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WASHINGTON — The Library of Congress is getting a $10 million donation from philanthropist David Rubenstein to help fund a five-year renovation project to better engage visitors to its flagship Jefferson Building, Carla Hayden, the librarian of Congress, said Wednesday.

The project, which will cost $60 million overall, got underway in September and envisions a modern orientation center where visitors will be able to see, among other things, Thomas Jefferson’s famous library books in a new setting.

Designers also plan to cut a hole in the cement, brick, and iron ceiling of the ground floor and install a 25-foot-wide glass oculus through which visitors can see the building’s ornate dome far above the first-floor reading room.


There are also plans for a snack bar, a learning lab, a new gallery for the library’s ‘‘treasures,’’ and a reworked entrance and exit to the 123-year-old Beaux-Arts building across from the Capitol.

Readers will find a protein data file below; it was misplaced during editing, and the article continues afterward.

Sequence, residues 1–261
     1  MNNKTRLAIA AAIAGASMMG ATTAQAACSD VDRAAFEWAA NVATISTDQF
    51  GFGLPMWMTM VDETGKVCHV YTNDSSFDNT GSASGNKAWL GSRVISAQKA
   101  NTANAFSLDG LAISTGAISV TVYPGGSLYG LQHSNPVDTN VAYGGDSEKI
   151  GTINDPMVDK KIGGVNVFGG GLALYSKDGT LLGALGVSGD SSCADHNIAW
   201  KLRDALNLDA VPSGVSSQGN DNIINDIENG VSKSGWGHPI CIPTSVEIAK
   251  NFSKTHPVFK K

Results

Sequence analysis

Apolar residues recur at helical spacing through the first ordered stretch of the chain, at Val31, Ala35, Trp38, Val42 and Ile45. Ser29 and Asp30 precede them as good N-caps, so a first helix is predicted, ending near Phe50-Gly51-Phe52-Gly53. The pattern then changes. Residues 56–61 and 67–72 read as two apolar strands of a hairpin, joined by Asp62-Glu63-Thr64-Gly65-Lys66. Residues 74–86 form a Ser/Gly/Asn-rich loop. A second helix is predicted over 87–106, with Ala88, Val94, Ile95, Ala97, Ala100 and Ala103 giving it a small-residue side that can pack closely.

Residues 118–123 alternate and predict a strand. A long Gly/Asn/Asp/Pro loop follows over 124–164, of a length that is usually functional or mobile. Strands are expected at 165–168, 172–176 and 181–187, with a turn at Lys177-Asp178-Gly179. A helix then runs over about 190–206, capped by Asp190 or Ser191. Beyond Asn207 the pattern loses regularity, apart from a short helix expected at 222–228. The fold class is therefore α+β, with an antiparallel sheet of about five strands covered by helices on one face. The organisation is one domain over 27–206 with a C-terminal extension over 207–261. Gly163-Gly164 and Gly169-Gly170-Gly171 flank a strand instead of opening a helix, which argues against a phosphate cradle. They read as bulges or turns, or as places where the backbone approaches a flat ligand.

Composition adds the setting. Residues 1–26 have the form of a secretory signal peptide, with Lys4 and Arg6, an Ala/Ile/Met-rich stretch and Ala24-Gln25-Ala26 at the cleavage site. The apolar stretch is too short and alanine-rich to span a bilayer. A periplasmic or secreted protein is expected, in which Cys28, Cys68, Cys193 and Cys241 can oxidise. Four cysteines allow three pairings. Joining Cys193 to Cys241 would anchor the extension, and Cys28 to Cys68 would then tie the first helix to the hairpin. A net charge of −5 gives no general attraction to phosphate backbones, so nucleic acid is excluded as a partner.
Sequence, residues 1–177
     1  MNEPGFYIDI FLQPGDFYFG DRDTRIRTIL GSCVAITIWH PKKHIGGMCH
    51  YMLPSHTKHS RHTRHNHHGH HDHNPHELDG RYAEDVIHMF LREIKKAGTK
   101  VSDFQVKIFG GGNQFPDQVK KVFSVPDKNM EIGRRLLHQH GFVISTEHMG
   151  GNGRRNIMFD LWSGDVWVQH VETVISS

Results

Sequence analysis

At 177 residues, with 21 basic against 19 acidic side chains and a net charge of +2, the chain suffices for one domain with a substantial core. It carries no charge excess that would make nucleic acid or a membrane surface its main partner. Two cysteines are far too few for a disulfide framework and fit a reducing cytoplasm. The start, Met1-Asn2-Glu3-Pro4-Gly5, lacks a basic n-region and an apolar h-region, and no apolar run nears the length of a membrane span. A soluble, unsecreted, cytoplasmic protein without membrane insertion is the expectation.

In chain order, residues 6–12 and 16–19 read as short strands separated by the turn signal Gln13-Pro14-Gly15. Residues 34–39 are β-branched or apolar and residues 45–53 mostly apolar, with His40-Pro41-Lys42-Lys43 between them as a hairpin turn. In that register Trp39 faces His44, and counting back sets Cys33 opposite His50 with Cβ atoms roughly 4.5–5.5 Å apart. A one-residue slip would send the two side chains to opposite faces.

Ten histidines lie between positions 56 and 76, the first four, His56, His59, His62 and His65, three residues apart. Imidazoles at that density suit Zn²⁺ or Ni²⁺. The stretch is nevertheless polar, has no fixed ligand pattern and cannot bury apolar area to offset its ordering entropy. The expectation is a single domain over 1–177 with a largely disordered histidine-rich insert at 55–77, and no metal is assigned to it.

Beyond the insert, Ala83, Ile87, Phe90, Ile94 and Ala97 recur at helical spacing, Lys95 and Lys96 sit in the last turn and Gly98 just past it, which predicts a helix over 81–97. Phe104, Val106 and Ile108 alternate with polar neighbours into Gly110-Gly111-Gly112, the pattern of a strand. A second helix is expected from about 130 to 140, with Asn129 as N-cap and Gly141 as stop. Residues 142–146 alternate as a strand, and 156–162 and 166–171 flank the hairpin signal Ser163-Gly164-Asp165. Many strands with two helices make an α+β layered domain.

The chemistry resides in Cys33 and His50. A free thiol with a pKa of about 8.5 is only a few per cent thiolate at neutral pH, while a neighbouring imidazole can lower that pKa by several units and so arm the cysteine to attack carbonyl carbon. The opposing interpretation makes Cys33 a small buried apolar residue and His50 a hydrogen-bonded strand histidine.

Hayden said the idea is to give the library’s almost 2 million annual visitors more access to the contents of the ‘‘jewel box’’ that is the Jefferson Building.

She said the library has been promised $40 million from Congress for the project, and after Rubenstein’s donation, she hopes to raise the remaining $10 million from private donors.

David Mandel, Hayden’s exhibits and interpretation director, said: ‘‘We need to tell the library’s history [and] story better.’’

One way will be to move Jefferson’s library front and center into the new ground-floor orientation space. Jefferson sold Congress his 6,000-book library for $26,000 to replace those destroyed by the British in the War of 1812.